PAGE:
When a man barely understands himself, Babbitt knew, he had absolutely no business or justification to claim to know what was best for another.
Babbitt also worried that every major institution in the West stood against the humanist. The Christian church, whatever its many successes, promoted an irrational sympathy, negating reason and proportion. Governments, Babbitt lamented, really only understood imperialism and expansion, no matter what principles they professed in their public relations campaigns to their citizens. Universities had become so progressive in their denial of the liberal arts and their acceptance of departmentalization, professionalization, and electives that they could no longer serve their timeless function of protecting the universal.
As such, Babbitt claimed, he and his followers must be content not with advancing ideas in liberal education, but in preserving what little could be preserved for a future population more open and more willing to understand the traditional dignities recognized by the West and the Western project.
In one of his best moments of writing, Babbitt complained that the sacred word, humanist, had lost its power and its unique identity.
To make a plea for humanism without explaining the word would give rise to endless misunderstanding. It is equally on the lips of the socialistic dreamer and the exponent of the latest philosophical fad. In an age of happy liberty like the present, when any one can employ almost any general term very much as he pleases, it is perhaps inevitable that the term humanism, which still has certain gracious associations lingering about it, should be appropriated by various theorists, in the hope, apparently, that the benefit of the association may accrue to an entirely different order of ideas. We evidently need a working definition not only of humanism, but of the words with which it is related or confused—humane, humanistic, humanitarian, humanitarianism. And these words, if successfully defined, will help us to a further necessary definition—that of the college. For any discussion of the place of literature in the college is conditioned by a previous question: Whether there be any college in which literature has a place. The college has been brought to this predicament not so much perhaps by its avowed enemies as by those who profess to be its friends. Under these circumstances our prayer, like that of Ajax, should be to fight in the light.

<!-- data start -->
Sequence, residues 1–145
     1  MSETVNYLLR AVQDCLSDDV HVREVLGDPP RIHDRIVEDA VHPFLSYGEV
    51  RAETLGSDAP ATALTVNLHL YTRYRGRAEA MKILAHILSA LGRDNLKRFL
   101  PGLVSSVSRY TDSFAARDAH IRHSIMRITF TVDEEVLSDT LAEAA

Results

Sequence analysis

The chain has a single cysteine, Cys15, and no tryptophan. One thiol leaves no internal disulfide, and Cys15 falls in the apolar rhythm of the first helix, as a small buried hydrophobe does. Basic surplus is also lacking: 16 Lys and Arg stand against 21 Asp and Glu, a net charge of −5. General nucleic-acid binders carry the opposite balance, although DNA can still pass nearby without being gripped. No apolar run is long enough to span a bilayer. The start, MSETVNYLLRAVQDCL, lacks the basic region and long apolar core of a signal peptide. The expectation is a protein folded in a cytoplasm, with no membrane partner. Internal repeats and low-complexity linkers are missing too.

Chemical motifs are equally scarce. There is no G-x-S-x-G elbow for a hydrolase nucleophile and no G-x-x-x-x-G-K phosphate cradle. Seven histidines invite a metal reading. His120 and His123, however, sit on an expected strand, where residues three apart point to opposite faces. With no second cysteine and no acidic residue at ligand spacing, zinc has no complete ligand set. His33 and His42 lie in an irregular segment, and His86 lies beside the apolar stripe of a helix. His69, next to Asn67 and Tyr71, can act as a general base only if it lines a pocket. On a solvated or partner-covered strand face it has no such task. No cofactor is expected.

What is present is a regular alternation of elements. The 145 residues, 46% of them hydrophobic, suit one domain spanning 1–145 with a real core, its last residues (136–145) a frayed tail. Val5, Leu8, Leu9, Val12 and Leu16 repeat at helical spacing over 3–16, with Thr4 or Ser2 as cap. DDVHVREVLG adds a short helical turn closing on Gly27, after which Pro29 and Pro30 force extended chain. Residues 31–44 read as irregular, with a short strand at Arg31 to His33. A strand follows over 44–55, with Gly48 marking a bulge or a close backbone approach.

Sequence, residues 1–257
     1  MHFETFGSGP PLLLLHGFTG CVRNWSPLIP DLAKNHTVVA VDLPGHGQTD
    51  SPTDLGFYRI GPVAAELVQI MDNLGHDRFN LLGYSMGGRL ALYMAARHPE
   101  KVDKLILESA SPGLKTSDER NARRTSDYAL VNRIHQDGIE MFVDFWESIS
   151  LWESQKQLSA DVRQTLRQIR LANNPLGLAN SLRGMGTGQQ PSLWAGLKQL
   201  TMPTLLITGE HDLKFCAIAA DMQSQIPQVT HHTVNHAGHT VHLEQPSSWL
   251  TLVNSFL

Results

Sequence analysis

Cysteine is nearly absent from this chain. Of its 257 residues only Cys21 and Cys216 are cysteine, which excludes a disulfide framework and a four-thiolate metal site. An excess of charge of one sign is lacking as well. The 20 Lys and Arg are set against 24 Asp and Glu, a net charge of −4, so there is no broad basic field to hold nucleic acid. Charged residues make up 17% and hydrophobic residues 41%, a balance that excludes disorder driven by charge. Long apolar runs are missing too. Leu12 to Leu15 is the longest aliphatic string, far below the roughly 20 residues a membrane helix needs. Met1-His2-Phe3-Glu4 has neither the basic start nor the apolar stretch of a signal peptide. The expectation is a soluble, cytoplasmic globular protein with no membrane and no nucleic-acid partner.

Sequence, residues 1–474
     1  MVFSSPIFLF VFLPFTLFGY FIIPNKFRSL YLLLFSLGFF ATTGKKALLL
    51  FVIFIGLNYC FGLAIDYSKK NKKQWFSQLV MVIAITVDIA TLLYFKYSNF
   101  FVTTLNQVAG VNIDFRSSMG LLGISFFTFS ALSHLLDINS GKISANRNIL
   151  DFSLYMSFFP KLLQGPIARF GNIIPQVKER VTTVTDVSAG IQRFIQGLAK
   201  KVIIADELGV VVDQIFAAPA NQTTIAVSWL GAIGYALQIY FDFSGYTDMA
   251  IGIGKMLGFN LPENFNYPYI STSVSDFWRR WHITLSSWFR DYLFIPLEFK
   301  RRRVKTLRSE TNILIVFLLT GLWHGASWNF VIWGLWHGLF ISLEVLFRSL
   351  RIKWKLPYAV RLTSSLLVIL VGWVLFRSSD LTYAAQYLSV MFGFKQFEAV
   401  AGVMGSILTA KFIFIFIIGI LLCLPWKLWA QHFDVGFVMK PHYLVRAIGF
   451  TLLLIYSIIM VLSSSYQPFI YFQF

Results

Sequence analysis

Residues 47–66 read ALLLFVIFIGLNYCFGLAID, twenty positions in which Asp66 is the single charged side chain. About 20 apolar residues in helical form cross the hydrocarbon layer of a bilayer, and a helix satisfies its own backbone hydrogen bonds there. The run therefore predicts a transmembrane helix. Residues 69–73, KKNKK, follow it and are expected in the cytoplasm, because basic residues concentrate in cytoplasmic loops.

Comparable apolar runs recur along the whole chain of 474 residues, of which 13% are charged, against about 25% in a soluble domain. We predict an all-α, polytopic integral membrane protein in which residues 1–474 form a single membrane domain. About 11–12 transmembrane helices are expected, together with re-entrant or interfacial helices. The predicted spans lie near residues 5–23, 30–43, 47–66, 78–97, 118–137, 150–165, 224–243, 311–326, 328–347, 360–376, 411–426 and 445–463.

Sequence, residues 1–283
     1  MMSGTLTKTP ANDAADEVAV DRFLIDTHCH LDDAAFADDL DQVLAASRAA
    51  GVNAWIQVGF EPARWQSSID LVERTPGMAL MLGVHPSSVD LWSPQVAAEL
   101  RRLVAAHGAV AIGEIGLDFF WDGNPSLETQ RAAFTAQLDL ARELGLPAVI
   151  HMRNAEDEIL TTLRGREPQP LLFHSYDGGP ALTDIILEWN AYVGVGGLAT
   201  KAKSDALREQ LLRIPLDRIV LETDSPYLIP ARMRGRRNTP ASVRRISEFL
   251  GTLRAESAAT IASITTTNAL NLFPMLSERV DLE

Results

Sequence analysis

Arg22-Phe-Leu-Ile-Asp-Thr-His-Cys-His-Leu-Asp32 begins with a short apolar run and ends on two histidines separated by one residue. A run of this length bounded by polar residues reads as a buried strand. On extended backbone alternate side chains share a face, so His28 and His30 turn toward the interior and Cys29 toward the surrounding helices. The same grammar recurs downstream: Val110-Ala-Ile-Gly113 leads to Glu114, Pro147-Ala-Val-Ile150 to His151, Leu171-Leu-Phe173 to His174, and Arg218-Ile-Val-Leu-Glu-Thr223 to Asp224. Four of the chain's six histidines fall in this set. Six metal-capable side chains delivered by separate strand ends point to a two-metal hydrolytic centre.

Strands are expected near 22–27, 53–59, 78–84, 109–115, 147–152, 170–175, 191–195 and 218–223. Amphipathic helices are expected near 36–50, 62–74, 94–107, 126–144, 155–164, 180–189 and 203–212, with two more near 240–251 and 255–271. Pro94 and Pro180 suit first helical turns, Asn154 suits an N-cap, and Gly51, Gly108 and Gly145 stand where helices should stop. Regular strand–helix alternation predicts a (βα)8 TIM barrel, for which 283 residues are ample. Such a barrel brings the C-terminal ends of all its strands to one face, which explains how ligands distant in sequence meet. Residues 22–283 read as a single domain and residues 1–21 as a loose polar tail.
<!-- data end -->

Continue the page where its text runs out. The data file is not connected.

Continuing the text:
If Babbitt saw much hope for the Western world, it would come only in an organized and self-conscious remnant of individuals and individualists (properly defined and understood as unique and unrepeatable centers of free will) who understood not just the errors of the world but who also had enough confidence to promote the good, the true, and the beautiful while being misunderstood, shunned, and, perhaps, even hated by the modern, progressive world. The true humanist, he feared, would find no comfort. As noted above, he could only, like Ajax, pray that he might find himself fighting in the light. This alone could prove comforting.
Progressives, after all, lack imagination, and, in their desire to create a world made in their image, they can only mimic what they see with straight, sterile lines. Such “sanitation” might be good for the body, but it would prove terrible for the soul and destructive of the mind.